Independent schools receive funding from parents, the Australian Government and state/territory governments. Government support for Independent schools is fundamental for Australia’s education system and enables diverse schooling options for families.
Misconceptions about funding non-government schools arise because the sector is diverse and generalisations are seldom meaningful.
The level of government funding for an Independent school depends on parents’ capacity to contribute.
A key difference in the funding of government and non-government schools is that non-government [i]school funding is reduced in line with parents’ income. This means wealthy Independent schools receive less money than schools serving greater needs. Whereas every government school student is fully funded, regardless parents’ incomes.
Schools in all sectors may be eligible for loadings to help address disadvantage or particular needs.
Funding of non-government schools has no bearing on funding of government schools.
State and territory governments are the main funders of government schools, whereas government funding for non-government schools is primarily from the Australian Government.
Increases to funding for government schools are generally due to indexation. For some years, Commonwealth funding for both government and non-government schools has grown at a faster rate than state/territory funding.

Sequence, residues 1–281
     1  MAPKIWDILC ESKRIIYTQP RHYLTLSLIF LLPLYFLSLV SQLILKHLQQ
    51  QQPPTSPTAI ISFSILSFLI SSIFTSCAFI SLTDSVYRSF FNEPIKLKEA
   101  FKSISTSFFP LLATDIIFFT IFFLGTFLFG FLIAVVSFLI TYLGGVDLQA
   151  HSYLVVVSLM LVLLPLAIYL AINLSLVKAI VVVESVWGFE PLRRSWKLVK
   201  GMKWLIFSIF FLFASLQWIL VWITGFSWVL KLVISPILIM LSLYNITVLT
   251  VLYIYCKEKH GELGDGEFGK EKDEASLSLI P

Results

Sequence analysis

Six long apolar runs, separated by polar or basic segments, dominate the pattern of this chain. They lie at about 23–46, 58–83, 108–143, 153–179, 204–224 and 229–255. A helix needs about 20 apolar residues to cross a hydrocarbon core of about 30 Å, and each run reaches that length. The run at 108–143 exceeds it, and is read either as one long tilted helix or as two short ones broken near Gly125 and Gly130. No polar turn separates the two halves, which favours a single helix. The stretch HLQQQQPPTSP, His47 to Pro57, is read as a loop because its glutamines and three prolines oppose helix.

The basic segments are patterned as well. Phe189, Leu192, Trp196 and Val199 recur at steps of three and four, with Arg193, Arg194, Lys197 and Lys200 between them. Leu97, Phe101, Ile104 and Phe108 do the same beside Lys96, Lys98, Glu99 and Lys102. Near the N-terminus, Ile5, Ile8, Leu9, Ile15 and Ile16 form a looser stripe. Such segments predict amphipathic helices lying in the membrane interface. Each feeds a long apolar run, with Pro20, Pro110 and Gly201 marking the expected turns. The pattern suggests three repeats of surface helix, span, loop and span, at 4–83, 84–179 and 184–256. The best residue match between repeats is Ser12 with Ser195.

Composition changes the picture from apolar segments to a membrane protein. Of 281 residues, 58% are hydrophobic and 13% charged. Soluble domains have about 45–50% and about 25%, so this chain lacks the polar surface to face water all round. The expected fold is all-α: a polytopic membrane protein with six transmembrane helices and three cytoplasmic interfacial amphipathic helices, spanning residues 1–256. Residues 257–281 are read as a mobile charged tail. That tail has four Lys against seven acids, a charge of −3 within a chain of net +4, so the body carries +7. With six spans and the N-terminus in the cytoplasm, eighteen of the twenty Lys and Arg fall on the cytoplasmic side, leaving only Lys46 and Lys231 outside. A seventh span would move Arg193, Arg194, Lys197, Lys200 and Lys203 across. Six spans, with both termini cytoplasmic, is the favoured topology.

Total government expenditure in each school sector depends on the number of students in each.
The total amount of school funding – for government and non-government schools – grows with the number and characteristics of students – as enrolments increase, so too does the total amount of government funding. If enrolments fall in any sector, that sector receives less total funding.
The proportion of funding from governments for individual Independent schools varies greatly from school to school due to a huge range of circumstances that include the size, location and type of school.
Enrolments in Independent schools are increasing and therefore overall funding is increasing.
Enrolments in Independent schools are growing more than in government or systemic Catholic schools. This results in overall increases to government funding for the Independent school sector. ISA projections indicate this trend of enrolment growth is likely to continue.
Low to middle income families account for much of this growth and these students attract more government funding because their parents have a lower ‘capacity to contribute’. This pushes up the average funding per student for the whole Independent school sector.
The cost of educating students in Independent schools is shared between governments and families.
Overall, students enrolled in Independent schools save governments money because the cost of education is shared between parents and governments.
Funding for recurrent expenditure and capital expenditure are treated quite differently.
Most of the government funding for Independent schools is for recurrent expenditure. The majority of capital expenditure by Independent schools is funding by school communities.